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Marine geology of the East London continental shelf.

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This dissertation examines the marine geology of the continental shelf offshore East London, on the east coast of South Africa. High-resolution seismic, multibeam bathymetric and backscatter tools are employed to reveal the stratigraphic, geomorphic and oceanographic controls on the shelf development. Eight seismic units (A-H) are revealed and comprise Campanian-age limestones of the Igoda Formation at their base, with an overlying transgressive stratigraphic package associated with the last deglaciation. A subaerial unconformity transects the shelf and is infilled by Late-Pleistocene to Holocene-age material of Unit C. Overlying the subaerial unconformity in other places are isolated shoreface deposits of Unit B. Unit D comprises a series of aeolianites and beachrocks which form palaeo-shorelines at -100 and -60 m. They are mantled to landward by the back-barrier deposits of Unit E, and to seaward by the disaggregated barrier deposits of Unit F. Unit G comprises shoreface deposits and is interfingered with Unit H, a series of rhodoliths that mantle the modern day seafloor. Multibeam data reveal extraordinarily preserved palaeo-shorelines which are the outcrop expression of Unit B. The most seaward of these form barrier islands and associated back-barrier segmented coastal waterbodies that evolved to planform equilibria before being overstepped. These are bordered by large, well-preserved parabolic dunefields that signify planform equilibrium with high-rates of sediment supply. These shorelines formed during the Bǿlling-Allerod stillstand and were overstepped by Melt Water Pulse (MWP) 1-A. A -60 m shoreline is preserved as an isolated drumstick barrier, and a series of cuspate spits that are welded onto palaeo-embayments in Gondwana-aged bedrock. These formed during the Younger Dryas slowstand and were overstepped by MWP-1B. Underfilled incised valleys are still exposed at the seafloor along these palaeo-embayments and formed due to rapid transgression and limited marine sediment supply during the conditions associated with MWP-1B. They are currently being filled by the submerged prodeltas of the contemporary drainage systems. Backscatter data reveal eight acoustic facies (A-H). These units all show marked current sweeping of the shelf, with dredge samples revealing gravels that fill in erosional furrows, or form streamers and ribbons. The AMS C14 dating of the rhodolith fields of Unit H indicates that the vigorous Agulhas Current has continuously swept the shelf since ~7400 years BP, post MWP 1-B. This has caused the sediment starvation of most of the shelf, and has transported much of the available sediment to the deep sea via the shelf-indenting canyon systems of the area.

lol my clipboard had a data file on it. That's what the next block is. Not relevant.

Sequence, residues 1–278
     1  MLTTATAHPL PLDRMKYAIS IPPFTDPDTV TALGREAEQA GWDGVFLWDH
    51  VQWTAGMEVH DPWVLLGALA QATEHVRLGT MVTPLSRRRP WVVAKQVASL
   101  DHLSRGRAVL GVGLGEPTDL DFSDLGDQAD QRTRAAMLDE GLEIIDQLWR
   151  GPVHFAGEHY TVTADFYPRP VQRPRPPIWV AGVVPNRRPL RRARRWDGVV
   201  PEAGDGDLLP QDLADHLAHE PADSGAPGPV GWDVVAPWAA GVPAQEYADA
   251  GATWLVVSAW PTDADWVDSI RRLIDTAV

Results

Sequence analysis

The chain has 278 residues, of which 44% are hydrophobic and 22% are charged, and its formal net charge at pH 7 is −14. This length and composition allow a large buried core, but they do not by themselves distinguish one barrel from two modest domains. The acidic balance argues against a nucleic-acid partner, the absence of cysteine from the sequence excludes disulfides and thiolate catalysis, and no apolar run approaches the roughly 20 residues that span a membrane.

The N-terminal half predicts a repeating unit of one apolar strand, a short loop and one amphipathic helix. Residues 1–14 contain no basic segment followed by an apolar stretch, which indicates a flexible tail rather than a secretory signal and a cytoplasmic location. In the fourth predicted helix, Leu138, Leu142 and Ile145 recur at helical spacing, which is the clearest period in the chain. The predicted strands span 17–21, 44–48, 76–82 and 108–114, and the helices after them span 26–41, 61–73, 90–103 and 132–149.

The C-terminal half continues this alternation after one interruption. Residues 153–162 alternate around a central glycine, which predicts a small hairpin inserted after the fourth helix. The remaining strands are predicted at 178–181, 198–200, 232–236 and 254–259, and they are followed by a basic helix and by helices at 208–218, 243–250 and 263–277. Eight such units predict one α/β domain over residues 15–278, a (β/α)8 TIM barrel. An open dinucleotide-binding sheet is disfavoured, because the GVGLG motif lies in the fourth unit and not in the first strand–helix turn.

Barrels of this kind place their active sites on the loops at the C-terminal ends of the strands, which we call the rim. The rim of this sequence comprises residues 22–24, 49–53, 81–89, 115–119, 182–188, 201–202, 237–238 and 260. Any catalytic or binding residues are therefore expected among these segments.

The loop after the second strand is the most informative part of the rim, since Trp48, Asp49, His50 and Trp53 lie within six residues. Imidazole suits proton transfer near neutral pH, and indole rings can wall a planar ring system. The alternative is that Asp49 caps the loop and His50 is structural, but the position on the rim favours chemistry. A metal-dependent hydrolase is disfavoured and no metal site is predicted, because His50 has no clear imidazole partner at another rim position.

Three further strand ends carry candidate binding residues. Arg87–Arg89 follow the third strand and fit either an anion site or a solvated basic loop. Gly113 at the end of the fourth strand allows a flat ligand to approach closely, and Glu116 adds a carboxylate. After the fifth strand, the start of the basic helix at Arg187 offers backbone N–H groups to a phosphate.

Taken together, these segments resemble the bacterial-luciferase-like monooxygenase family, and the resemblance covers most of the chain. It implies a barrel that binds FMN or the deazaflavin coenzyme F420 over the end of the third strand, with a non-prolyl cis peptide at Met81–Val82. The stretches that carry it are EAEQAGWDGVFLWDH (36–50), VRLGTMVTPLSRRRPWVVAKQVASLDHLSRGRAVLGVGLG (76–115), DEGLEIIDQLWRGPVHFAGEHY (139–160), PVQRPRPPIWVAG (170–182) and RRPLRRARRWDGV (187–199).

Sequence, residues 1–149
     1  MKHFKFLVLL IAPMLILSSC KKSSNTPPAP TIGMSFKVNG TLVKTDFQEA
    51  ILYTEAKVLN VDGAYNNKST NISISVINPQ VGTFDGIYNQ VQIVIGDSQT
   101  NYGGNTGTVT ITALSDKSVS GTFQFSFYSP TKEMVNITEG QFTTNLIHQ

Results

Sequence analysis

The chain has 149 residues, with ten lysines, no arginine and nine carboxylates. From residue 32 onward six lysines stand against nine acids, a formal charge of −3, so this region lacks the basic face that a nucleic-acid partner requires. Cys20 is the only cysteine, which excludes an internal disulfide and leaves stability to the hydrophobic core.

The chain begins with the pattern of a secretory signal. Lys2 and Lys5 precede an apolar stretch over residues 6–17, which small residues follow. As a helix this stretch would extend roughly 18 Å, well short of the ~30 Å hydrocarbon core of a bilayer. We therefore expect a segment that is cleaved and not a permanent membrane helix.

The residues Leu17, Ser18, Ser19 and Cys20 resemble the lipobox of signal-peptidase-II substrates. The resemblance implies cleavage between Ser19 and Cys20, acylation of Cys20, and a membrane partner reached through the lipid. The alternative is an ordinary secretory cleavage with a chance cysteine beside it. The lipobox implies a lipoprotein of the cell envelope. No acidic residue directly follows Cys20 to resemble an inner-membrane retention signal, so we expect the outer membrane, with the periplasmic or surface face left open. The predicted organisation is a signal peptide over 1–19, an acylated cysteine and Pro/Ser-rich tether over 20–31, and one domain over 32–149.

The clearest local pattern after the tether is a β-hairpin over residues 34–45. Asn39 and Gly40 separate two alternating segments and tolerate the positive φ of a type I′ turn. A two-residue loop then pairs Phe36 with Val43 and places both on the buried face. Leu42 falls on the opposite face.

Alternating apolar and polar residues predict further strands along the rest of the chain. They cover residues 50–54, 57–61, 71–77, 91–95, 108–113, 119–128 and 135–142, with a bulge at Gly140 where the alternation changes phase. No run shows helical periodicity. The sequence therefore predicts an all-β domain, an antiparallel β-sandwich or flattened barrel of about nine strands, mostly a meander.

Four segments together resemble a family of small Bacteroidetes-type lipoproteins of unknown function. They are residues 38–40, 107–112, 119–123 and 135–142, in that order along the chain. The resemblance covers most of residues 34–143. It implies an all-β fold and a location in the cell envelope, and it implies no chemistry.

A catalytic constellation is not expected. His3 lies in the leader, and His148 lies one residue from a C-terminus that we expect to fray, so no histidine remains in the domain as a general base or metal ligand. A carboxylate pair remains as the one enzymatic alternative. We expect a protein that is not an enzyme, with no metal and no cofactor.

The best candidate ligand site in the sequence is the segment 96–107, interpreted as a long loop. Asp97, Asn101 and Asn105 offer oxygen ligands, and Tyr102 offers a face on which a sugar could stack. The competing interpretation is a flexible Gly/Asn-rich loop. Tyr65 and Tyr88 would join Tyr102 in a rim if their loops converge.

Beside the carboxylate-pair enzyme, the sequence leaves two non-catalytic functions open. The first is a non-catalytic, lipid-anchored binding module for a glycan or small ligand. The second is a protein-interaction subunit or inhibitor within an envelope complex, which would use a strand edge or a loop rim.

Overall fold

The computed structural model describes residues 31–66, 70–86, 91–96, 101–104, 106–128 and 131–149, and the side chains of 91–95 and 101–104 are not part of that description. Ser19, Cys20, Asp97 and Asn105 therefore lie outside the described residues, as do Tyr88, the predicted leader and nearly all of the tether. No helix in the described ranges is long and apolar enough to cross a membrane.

Master of Science in Geology. University of KwaZulu-Natal. Westville, 2017.


Theses -- Geology.